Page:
If you want a handmade motorcycle, you have to pay for it. The four-stroke sells for $10,995. The two-stroke is $9195.

All that is interesting but not very surprising. We’ve long documented the handling differences created by the two methods of propulsion. The big difference is power. Conventional wisdom has always held that two-strokes make more power per cubic inch, and that’s why it was considered “fair” to give four-strokes a displacement advantage in racing.
Is it still justified? Not really. In terms of peak power, these two bikes are very close. In power delivery, they are nothing alike. The two bikes put their power to the ground in such dramatically different ways that they defeat all our usual methods of comparing acceleration. In a full-race start, traction presents a random element that makes results inconsistent. The four-stroke usually hooks up better, but not always, and rider skill plays a bigger role on the two-stroke. The time-honored roll-on test, which we usually perform on pavement, eliminates traction and rider skill as variables, but rpm plays a bigger role. If you open both throttles at the same time from a slow-rolling start in, say, third gear, you should get a good picture of how they differ. In this case, the two-stroke walks away easily when the comparison is done starting at low rpm. When the roll-on test starts from a faster pace, the two-stroke has to shift immediately, and the four-stroke seizes that advantage to pull away.
The bottom line is that you ride these two bikes differently. The two-stroke is all about low revs and growling through obstacles. It’s virtually unstoppable. The bike doesn’t stall or hesitate, even if you’re in a gear that’s far too tall and you have to suddenly accelerate to clear a log or wheelie over a ditch. The four-stroke’s power, on the other hand, is very soft down low. If the trail suddenly turns upward, you can’t just open the throttle and expect good results. The bike wants to downshift. All the four-stroke’s power is way up high, so it works best if you rev it. The powerband is actually very long, going from about 6000 rpm all the way up to somewhere in the 13,000 zone. But, if you put the engine under a sudden load when it’s not ready, it groans and complains. Even the automatic decompressor makes noise, joining a chorus of unhappy traits. The solution is to be aggressive. The four-stroke wants you to be riding hard and fast all the time. When you do that, it flies up hills, hooks up in mud and pulls through sand. It’s an aggressive race bike, and it wants aggressive riders.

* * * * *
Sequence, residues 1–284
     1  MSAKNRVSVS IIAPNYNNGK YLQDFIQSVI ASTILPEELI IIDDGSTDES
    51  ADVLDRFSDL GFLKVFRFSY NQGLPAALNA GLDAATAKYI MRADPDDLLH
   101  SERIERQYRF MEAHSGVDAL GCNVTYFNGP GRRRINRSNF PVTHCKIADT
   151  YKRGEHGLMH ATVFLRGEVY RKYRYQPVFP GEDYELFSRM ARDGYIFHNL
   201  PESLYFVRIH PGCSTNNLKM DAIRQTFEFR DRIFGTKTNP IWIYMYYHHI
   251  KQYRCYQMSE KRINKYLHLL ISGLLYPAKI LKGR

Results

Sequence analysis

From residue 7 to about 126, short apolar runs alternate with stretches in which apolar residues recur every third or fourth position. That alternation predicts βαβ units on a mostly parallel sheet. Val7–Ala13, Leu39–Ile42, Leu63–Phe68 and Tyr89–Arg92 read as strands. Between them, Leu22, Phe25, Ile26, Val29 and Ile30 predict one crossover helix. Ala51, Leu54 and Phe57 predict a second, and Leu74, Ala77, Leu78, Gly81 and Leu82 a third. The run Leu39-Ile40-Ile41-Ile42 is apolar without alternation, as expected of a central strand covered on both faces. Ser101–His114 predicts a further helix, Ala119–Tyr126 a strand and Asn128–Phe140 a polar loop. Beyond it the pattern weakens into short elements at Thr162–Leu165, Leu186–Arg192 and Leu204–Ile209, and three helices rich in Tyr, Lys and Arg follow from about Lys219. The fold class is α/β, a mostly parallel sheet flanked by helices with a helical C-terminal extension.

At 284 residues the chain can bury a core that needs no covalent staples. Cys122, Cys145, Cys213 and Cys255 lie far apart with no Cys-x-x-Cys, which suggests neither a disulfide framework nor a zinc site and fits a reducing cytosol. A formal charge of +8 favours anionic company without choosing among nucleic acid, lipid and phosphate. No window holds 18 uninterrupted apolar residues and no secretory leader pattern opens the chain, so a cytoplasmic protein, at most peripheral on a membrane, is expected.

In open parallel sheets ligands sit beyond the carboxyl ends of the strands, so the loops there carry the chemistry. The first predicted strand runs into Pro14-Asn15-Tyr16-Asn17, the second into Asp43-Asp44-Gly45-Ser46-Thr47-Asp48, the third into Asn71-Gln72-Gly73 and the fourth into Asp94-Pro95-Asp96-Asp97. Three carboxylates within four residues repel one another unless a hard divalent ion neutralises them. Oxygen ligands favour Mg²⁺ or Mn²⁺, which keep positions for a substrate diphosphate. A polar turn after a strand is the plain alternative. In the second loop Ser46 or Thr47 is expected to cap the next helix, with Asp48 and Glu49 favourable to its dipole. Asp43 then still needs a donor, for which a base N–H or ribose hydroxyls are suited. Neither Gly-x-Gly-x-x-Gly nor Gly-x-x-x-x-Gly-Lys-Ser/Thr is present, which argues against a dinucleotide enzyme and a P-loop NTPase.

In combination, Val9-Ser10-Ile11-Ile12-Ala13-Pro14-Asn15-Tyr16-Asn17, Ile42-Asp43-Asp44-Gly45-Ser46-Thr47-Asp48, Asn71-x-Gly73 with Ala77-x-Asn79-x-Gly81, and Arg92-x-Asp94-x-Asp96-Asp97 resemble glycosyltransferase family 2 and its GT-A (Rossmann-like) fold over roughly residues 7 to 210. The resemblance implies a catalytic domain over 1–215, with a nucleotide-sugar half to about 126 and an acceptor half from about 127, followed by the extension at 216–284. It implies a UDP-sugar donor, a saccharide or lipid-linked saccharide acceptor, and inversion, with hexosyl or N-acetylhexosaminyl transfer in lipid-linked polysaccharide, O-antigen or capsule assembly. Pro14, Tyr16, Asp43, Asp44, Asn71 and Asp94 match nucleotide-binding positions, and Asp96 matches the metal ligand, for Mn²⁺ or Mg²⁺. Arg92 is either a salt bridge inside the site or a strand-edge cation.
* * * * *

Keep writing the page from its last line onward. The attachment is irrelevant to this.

Putting the wheel-to-wheel comparison aside for the moment, there are certain things that should be said about TM motorcycles. The quality is outstanding on both bikes. You can take a magnifying glass to the welds on the frame and you’ll never find a flaw. The finishes on the triple clamps, the rear brake pedal and even the fasteners are all NASA quality. And, as you might expect, the bikes are quirky. They make odd sounds and have unusual tendencies. For example, there’s a lot of intake noise on the four-stroke. The two-stroke vibrates its nuts and bolts loose on a regular basis. Both hydraulic clutches have a jerky pull, and the kill buttons are located where brush could cause a temporary interruption in progress. These aren’t mass-manufactured motorcycles and aren’t supposed to appeal to the hose-it-off-and-forget-it generation.
That’s why we think the 300 two-stroke will continue to be the company’s calling card for years to come. It’s easier to ride and appeals to older riders who might consider an off-beat brand like TM. There’s no doubt that the four-stroke is a better racer. Eero Remes probably could ride anything the company makes, but he sticks with the four-stroke because he has the skill, the drive and the aggressiveness to make it work for him. As for us, we just want to have fun riding dirt bikes. And, as we’ve always known, there’s nothing more fun than a 300cc two-stroke. o